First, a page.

As authorities were still trying to determine the causes — and the exact death toll — of Monday’s Amtrak derailment in Washington state, President Donald Trump immediately waded into a policy debate, teasing a “soon to be submitted infrastructure plan” for “roads, bridges, tunnels, railways (and more).”
“It is all the more reason why we must immediately start fixing the infrastructure of the United States,” Trump said in subsequent remarks on Monday.
But there’s one problem — the Trump Administration already has submitted an infrastructure plan as part of its 2018 budget proposal — and it proposes deep cuts to the nation’s rail systems.
Trump often talked about a $1 trillion infrastructure plan when he was a candidate, and he included a $1 trillion private/public infrastructure investment in the 2018 budget his administration proposed to Congress in May. The plan called for $200 billion in spending in infrastructure, but it also also limited money to build new or expand existing lines and slashed subsidies for rural lines.
Overall, the budget request would slash railroad funding from the President Barack Obama era by almost 13%, according to The Washington Post.
“The President’s infrastructure agenda reflects a “bait-and-switch”: rhetoric that suggests a commitment to rebuilding, but policies that would undermine our ability to do so,” wrote Jacob Leibenluft, a Senior Adviser at Center on Budget and Policy Priorities who worked for the Obama administration and Hillary Clinton’s campaign, in June.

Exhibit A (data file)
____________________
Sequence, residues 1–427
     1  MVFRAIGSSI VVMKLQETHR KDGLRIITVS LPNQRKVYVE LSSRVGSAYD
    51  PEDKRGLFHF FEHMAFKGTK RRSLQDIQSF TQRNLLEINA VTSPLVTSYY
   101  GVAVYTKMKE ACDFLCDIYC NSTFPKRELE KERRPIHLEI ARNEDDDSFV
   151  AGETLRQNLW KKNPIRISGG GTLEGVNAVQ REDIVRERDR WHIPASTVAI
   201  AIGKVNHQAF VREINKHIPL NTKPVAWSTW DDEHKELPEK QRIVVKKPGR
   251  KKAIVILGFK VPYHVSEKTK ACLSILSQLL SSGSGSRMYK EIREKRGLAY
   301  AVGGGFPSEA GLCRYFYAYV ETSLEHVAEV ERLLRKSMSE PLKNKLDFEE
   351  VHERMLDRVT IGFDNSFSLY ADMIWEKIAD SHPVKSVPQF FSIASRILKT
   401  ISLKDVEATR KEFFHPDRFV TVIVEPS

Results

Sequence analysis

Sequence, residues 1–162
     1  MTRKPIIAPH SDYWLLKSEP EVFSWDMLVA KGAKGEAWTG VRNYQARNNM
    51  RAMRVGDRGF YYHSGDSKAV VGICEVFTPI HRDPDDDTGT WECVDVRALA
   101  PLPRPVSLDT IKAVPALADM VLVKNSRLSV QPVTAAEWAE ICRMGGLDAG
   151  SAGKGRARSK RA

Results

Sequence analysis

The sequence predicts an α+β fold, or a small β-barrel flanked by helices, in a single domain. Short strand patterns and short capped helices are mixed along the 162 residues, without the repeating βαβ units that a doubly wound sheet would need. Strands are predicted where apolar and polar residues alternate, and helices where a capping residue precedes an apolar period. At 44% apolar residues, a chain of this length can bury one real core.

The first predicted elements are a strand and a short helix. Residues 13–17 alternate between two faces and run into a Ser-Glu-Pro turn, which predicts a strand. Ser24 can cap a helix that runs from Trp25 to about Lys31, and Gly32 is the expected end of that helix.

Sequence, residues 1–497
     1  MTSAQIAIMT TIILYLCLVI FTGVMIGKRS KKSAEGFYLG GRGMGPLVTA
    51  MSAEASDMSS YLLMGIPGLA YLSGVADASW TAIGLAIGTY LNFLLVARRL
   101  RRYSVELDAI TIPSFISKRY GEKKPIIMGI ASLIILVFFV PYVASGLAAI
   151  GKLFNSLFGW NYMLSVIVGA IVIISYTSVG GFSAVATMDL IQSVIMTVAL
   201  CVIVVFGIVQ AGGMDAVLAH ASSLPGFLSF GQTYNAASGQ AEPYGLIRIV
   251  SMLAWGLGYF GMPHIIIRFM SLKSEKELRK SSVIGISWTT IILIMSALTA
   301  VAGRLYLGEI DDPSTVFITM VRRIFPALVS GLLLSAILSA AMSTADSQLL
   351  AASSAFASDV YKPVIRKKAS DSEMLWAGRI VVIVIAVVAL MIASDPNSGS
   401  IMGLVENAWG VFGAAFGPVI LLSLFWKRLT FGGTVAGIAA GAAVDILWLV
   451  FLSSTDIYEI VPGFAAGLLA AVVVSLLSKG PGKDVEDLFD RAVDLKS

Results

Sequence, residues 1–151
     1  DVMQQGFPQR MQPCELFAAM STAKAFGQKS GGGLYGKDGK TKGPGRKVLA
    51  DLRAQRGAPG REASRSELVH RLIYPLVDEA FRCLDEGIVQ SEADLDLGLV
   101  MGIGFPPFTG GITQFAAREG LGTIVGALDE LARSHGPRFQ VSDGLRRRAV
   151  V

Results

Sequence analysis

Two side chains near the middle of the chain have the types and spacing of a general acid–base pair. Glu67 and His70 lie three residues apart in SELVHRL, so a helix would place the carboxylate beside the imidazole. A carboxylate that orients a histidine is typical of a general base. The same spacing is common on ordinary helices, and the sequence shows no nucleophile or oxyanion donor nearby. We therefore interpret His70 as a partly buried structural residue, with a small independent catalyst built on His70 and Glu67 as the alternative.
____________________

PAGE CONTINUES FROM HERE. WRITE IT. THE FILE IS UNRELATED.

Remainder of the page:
The Post reported in September that the president was backing away from private-public partnership funding, but his administration has yet to reveal his new method of financing infrastructure investments. The White House did not immediately respond to request for comment about the infrastructure plan to which Trump alluded on Monday.
When Trump was touting his infrastructure plan, he seemed to be insinuating that funding had been sacrificed because of the money spent in the Middle East, citing a $7 trillion pricetag that exceeds most estimates. As the wars in Iraq and Afghanistan have expanded, they’ve also exploded the national debt. Budgets, however, did not reflect those true costs and for years were treated as separate spending decisions, usually financed through borrowing.
And the criticism of red ink runs counter to this week’s push by Republicans in Congress to add another $1.5 trillion in borrowing to pay for tax cuts.
This article originally appeared on Time.